These implants increasingly rely on ceramic components for such features as feed-thrus that serve as the functional interface between the device and body tissue. A feed-thru is a ceramic-tometal seal assembly that contains metal pins or small tubes that pass through a ceramic component. The pins let electricity pass in or out of the implanted device for power or connections to sensors.
Feed-thrus can also administer drugs to patients. The feedthru's ceramic substrate acts as an electrical insulator, isolating the pins from each other. Ceramic housing assemblies attached to a feed-thru also serve as electronic enclosures for the device.
Feed-thrus for implanted devices must be hermetic, with a leak-tight seal around each pin. The seal ensures bodily fluids won't work their way into the device and destroy the internal electronics. It also ensures that chemicals in drug-delivery devices won't inadvertently escape. A braze material, typically 99.99% gold, joins each metal pin to the ceramic insulator.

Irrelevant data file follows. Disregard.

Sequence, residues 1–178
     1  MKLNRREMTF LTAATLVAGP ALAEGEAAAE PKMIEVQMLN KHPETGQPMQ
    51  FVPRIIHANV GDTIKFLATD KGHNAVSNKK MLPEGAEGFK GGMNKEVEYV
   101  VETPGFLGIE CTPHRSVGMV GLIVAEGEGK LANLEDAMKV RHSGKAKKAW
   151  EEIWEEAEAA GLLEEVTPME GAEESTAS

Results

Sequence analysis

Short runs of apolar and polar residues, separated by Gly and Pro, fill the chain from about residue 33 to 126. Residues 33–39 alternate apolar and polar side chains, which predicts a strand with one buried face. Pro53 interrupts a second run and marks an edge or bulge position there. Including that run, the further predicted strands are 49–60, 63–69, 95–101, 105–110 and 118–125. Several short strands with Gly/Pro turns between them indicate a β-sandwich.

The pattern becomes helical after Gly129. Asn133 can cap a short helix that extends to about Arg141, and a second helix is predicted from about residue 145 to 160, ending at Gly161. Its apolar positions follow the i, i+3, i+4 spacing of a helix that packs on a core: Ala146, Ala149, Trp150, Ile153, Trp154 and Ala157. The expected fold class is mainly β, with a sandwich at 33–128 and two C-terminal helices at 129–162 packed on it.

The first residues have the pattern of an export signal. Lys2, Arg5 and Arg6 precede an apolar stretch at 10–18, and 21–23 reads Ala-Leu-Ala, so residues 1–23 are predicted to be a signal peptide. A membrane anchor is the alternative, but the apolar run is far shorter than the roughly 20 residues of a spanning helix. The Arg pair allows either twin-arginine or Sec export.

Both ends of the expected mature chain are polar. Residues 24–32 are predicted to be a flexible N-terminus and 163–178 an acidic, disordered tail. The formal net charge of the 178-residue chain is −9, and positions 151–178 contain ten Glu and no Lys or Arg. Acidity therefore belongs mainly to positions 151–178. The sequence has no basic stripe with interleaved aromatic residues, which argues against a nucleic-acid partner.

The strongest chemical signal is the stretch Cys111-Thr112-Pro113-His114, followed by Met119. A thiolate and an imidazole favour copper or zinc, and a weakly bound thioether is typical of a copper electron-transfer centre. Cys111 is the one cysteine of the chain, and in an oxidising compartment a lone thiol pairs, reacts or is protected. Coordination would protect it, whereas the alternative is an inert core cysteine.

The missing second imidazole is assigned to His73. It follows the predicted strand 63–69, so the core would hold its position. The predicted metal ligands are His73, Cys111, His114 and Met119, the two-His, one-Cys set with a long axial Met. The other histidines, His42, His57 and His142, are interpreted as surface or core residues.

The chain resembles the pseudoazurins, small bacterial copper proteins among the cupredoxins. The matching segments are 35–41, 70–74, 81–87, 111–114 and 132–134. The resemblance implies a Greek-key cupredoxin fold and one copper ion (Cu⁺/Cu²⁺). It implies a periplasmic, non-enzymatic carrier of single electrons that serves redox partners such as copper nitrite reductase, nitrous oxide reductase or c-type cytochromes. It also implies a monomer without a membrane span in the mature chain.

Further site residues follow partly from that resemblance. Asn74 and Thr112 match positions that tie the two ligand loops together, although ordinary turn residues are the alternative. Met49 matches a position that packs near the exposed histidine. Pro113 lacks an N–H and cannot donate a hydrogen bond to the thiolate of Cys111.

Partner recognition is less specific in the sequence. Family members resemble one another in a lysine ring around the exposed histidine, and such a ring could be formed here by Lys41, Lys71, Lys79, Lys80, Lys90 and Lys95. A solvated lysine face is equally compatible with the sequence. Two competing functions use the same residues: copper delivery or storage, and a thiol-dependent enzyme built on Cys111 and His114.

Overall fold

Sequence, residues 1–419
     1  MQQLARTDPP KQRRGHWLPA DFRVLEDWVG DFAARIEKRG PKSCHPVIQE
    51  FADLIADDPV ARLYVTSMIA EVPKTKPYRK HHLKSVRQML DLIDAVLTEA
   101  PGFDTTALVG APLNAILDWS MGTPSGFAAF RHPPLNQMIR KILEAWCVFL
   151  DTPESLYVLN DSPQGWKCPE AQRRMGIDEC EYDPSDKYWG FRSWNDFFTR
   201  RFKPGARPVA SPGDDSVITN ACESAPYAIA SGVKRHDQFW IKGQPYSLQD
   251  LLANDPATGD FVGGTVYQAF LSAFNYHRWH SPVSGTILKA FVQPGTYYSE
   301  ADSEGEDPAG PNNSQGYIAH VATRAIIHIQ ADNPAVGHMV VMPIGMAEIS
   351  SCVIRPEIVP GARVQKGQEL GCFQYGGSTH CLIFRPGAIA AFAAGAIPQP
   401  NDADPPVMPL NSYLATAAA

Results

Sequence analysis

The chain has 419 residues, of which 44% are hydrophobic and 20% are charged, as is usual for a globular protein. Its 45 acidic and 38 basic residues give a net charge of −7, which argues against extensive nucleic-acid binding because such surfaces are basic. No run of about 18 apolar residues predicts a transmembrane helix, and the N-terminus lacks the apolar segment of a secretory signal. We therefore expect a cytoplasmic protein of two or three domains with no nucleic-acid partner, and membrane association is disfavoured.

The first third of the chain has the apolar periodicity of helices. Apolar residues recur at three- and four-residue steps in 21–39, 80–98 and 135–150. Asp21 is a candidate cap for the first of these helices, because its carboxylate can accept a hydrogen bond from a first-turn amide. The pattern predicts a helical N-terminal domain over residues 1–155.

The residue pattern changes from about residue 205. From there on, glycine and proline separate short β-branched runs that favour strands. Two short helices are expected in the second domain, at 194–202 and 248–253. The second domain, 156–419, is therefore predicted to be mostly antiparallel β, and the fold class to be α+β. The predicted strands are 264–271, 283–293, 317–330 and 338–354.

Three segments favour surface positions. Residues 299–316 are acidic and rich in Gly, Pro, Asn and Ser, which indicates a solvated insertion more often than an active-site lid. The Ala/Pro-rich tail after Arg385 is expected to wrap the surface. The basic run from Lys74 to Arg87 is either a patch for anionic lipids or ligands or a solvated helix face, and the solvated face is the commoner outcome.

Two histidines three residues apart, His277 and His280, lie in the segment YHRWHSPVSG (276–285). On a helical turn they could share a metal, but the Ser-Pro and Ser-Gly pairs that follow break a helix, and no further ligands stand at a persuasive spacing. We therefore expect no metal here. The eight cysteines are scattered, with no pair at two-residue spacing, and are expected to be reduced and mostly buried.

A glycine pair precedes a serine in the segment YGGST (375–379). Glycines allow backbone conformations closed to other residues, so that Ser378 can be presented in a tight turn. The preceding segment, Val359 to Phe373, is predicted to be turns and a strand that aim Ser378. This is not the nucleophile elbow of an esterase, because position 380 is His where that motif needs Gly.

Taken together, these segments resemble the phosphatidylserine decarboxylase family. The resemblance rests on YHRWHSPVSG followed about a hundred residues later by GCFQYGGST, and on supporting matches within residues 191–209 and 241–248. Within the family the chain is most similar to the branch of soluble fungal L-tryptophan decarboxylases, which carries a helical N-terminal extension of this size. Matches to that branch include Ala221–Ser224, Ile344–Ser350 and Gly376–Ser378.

A proprietary process ensures the braze adheres securely. Here the ceramic surface is prepared for brazing by physical vapor deposition (PVD) of a thin film made from a biocompatible metal such as platinum, niobium, or titanium.
Developers of implantable medical devices continually demand smaller and more complex components. For example, there is now a 1-in.-diameter ceramic feed-thru available for drug-delivery applications that houses 104 separate pins. Electrical current passes through each pin to activate different combinations of switches. This action lets the device administer a greater number (or more complex combinations) of drugs at any given time.